An exuberant President Obama dared his Republican critics Thursday to campaign this fall on a platform to repeal his health-care law, urging them to "go for it."
"If they want to have that fight, we can have it," Obama told an audience of 3,200 people packed into the University of Iowa Field House.
"I don't believe that the American people are going to put the insurance industry back in the driver's seat," he said. "We've already been there. We're not going back. This country is moving forward."
And so is the White House, which had hardly finished celebrating the health-care victory before shifting into high gear on a new nuclear arms reduction treaty, aggressive regulation of the financial industry, changes to the military's "don't ask, don't tell" policy, and planning for the possibility of another Supreme Court vacancy.
The White House is eager to return to a focus on jobs and the economy by casting Republicans as the party standing with big banks and financial institutions. On Friday, officials plan to announce a new effort to help the unemployed with their mortgage payments as part of a broader effort to address the continuing foreclosure crisis.
With the health-care victory in hand, the president will also be freer to pursue his foreign policy goals. On Friday, the White House will formally announce that the United States and Russia have reached agreement on a new treaty to reduce the stockpile of deployed strategic nuclear weapons. The agreement is a key step toward Obama's campaign promise of a world without nuclear weapons.
Obama's appearance here was his first outside Washington since he signed health-care legislation into law, perhaps his most important domestic achievement since taking office 14 months ago. His half-hour speech served as the unofficial opening of his election-year campaign on behalf of that signature issue and, by extension, his anxious party.
Obama characterized the measure as both a historic achievement and a "middle-of-the-road" reform, implicitly offering Democrats a formula for explaining the law to skeptical voters in November. He also attempted to lower expectations over how quickly Americans will see the effect of a law that will be phased in over four years.
Interrupted often by applause, Obama evoked some of the same populist themes he used in the weeks leading up to the health-care vote. He sounded frustrated in those appearances, as he railed against Republican recalcitrance, special-interest lobbying and the political culture of Washington that he says treats public policy as a sporting event.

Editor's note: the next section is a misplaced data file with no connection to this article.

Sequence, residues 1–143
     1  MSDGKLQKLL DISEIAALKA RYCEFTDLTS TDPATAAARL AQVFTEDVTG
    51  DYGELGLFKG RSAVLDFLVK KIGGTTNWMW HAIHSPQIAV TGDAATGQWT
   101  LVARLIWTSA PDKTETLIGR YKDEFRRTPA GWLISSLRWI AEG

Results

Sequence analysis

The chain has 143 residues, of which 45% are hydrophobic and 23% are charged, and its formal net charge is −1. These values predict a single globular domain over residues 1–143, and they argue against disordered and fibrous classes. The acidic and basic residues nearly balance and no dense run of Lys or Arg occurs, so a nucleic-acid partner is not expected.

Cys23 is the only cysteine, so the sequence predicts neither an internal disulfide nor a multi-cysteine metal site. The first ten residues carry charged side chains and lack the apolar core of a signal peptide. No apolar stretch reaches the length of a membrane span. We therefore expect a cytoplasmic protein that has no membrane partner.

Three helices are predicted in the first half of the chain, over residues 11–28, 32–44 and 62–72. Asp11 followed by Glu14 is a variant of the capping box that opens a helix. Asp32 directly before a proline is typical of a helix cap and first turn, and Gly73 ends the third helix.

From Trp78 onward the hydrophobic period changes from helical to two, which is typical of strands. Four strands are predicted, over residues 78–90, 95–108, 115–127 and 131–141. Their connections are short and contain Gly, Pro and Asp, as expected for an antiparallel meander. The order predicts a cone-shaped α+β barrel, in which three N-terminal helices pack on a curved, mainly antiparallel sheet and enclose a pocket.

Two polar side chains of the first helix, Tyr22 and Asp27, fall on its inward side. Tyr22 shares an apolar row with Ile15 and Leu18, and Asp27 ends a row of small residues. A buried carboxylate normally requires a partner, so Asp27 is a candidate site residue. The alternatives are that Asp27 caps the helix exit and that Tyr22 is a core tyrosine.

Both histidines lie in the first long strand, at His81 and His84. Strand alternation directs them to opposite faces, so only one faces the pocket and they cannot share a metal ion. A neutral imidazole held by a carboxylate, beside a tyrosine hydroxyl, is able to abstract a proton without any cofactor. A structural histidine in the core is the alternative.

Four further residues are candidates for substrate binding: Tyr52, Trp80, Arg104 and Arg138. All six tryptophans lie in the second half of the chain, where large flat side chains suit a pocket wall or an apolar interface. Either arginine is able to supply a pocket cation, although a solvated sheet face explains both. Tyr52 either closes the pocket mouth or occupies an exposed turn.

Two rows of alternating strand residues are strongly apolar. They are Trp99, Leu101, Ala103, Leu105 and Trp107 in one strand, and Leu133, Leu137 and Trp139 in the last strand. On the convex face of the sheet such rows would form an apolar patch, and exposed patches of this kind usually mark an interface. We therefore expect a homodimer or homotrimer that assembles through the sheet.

But on Thursday he electrified a college-town crowd with a winner's bravado, signaling to congressional Democrats that their success in passing health care is something to run on, not away from.
"From this day forward, all of the cynics, all the naysayers -- they're going to have to confront the reality of what this reform is and what it isn't," Obama said.
Obama won Iowa in 2008, but the political climate here has turned sharply against Democrats amid rising unemployment and anti-Washington sentiment.
As a long-shot presidential candidate nearly three years ago, Obama came to Iowa City to outline his proposal for health care, an issue that at the time appeared to belong to his rival for the Democratic nomination, Hillary Rodham Clinton. Far behind in opinion polls, Obama brashly promised to secure reform legislation in his first term.
Although the legislation that eventually passed varies significantly from what he originally outlined, Obama told the crowd Thursday that "that promise was finally fulfilled."
"This historic change did not begin in Washington. It began in places just like this, with Americans just like you," Obama said. "And now this is your victory."
But the year-long health-care debate has divided the country and the Democratic Party. The political rifts were apparent inside and outside the arena.
Rival groups of demonstrators gathered on campus hours before Obama's arrival, holding signs that read "Destroyer in Chief: Stop Socialism" and "Finally Someone Who Cares About the Already Born." The latter was a reference to a deep divide in Congress over the best way to provide insurance coverage without federally funding abortions.
Inside the arena, a heckler shouted, "What about the public option?"
Liberal Democrats favored the creation of a government-run insurance option to compete with policies offered by private companies, but the Senate would not support it.
"That's not in it," Obama responded.
"Why not?" the heckler yelled back.
"Because we couldn't get it through Congress, that's why," Obama said, adding later, "Thirty-two million people are going to have health insurance because of this legislation. That's what this work is about."
"This legislation is not perfect, as we just heard," Obama said, drawing laughter. "But what this is is a historic step to enshrine the principle that everybody gets health-care coverage in this country. Every single person."